Garden is finished

Wow… I have had 22 days in a row at or above 100%. 1.44 inches of rain in the past 48 days.

Poor old garden has died, dried up and is a fire hazard. Squash, cucumbers and beans stopped producing about the middle of June. Okra has hung on but with the high temps has stopped producing.

Pond has dried up, yesterday I saw a bull frog holding a tiny sign that said “Will work for water.” Last week I spied 2 crawdads in the bottom of the dry pond digging a well.

It has been 103 to 112 for the past 18 days and my weather guy said I can expect the next 7 day to be the same.
Spending a lot of time slow, deep watering grape vines and fruit trees. I have to much invested in them to let our regular scheduled dry spell kill them.

I know an old Comanche Indian that says he’s 193 years old, well he said that’s how old he feels.
I complained about the drought and high temperatures and he told me son you live in Southwest Oklahoma, it gets hot, it gets dry, quit your damn whining.

O-Well there’s always next year.

Happy Gardening

29 responses to “Garden is finished

  1. I love that “Quit your damn whining”.
    Also, is it true? Is a garden ever actually [Finished]

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  2. I’m bummed for you. At least you tried. My seed are in a drawer still. Maybe next year will be a good planting season for the both of us.

    Liked by 1 person

  3. I saw a hysterical segment on the news last night, where they were talking about the heat with high drama. “151 million people dealing with temperatures above 90 degrees!” I was like, yeah, we like to call that “summer.” Sorry about your garden though. Here in South Florida, we are pretty much limited to planting vegetables in the fall and winter. Even with the summer squalls coming in off the ocean every day, the sun will absolutely nuke any tender growth. Some folks use shades, but I imagine they’d be like giant sails during the storms, lol.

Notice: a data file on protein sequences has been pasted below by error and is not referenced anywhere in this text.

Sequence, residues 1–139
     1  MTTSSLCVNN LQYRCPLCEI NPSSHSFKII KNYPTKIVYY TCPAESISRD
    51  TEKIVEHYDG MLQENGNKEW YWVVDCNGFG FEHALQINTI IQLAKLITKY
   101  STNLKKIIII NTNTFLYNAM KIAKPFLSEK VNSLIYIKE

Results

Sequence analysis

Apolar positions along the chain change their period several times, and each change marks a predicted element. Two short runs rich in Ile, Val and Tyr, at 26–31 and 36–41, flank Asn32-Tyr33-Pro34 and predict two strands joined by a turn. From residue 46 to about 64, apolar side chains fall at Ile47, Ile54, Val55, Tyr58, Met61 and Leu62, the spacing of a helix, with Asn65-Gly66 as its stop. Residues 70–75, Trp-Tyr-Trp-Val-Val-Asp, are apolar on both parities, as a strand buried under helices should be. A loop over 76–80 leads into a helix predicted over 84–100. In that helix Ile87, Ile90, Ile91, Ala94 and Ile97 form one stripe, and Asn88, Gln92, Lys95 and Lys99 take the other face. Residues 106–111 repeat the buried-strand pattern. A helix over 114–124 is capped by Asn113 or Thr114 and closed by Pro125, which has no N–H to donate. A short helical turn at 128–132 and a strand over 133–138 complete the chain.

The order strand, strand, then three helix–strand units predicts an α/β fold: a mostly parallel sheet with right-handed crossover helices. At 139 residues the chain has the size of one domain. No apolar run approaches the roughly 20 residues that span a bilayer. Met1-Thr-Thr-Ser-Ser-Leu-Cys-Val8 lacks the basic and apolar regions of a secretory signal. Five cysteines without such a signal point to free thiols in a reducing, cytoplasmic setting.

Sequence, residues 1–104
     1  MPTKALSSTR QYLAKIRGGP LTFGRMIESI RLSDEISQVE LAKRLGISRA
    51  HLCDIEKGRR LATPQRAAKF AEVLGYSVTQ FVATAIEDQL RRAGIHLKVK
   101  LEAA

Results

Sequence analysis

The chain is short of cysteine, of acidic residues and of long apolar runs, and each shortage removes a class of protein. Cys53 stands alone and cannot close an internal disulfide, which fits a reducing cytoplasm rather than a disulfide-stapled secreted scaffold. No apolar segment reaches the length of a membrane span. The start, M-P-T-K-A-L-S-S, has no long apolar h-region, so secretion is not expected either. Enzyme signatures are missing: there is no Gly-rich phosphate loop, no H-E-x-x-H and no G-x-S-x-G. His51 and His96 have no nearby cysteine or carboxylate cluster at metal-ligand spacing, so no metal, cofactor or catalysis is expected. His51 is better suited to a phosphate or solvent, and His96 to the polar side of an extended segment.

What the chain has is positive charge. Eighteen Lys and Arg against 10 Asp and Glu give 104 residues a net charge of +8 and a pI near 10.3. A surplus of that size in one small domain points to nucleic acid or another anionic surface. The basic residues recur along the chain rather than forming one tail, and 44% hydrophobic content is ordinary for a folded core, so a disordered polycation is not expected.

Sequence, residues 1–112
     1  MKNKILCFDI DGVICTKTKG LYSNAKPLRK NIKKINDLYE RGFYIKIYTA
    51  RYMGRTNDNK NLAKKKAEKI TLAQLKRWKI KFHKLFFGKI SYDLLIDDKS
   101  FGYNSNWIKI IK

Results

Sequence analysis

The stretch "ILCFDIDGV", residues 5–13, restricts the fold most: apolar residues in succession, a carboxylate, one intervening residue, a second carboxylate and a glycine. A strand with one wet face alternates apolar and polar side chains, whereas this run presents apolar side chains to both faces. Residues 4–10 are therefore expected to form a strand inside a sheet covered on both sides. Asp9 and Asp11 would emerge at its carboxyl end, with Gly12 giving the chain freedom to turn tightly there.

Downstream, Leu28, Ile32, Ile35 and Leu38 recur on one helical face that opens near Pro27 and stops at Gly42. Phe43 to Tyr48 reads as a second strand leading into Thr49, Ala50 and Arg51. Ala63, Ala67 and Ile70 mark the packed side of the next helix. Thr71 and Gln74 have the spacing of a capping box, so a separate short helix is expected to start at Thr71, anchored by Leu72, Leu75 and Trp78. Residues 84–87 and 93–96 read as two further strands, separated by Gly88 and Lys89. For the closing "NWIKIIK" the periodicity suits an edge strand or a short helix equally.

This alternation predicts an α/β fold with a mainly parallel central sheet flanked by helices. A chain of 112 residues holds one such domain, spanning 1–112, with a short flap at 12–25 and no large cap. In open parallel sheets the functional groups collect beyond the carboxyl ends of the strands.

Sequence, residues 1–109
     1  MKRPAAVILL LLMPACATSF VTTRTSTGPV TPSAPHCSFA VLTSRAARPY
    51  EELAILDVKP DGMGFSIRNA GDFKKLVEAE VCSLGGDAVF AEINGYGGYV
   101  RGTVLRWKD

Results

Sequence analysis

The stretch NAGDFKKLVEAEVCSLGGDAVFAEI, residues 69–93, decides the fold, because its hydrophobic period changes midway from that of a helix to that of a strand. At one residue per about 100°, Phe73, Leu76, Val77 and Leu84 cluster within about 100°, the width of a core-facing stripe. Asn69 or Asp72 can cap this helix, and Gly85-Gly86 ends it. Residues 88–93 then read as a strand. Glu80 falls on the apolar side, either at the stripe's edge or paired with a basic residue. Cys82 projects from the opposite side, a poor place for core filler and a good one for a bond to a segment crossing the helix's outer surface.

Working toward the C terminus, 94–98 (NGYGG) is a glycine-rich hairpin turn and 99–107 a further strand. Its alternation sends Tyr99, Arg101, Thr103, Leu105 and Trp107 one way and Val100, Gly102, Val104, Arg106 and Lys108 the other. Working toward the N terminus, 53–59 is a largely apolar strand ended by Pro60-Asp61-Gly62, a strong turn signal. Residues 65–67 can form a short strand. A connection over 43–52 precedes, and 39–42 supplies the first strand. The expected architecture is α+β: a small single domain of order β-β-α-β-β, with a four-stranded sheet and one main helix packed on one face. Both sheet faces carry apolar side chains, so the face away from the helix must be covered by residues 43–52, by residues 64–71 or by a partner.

Liked by 2 people

    • LOL, 2 PM and it’s 109 degrees, I’d love to suffer with 90 degrees.
      Grin, yes on the sails. We often have breezy weather, winds 35-50 MPH are common and 70+ is not unheard of.
      Happy Gardening

      Liked by 1 person

  4. Oh, wow. I will stop complaining now about the little bit of heat we have in New England. Can you plant things in cold frames in the fall/winter so that at least you have some home grown vegetables? Last year my cold frames did well for winter romaine and vit mache (corn salad) even under some snow and ice. Hope you can cool off a bit soon.

    Liked by 1 person

  5. We started shading our gardens (built partial covers to block intense afternoon heat) a couple years ago, but this year has been the worst I can remember. We bought our farm in 2000 which happened to be the 1st of the worst 3 yrs drought in Colorado’s history – UNTIL NOW. The monsoons have at least been bringing in afternoon/late day showers – heavy showers, which were sorely needed here. Our highs have (so far) not been any highter than yesterday of 105. I feel your pain and your loss. It’s just been a hard growing year all the way around.

    Liked by 2 people

  6. Going Batty in Wales

    That must be so disheartening! We have had unusually hot dry weather too and it makes everything harder.

    Liked by 1 person

  7. Oh bother! Can you do a fall garden? We were really in the heat zone earlier but the last week it’s back down to mid to upper 90’s. We were happy to have some thunderstorms move through to cool things down a bit.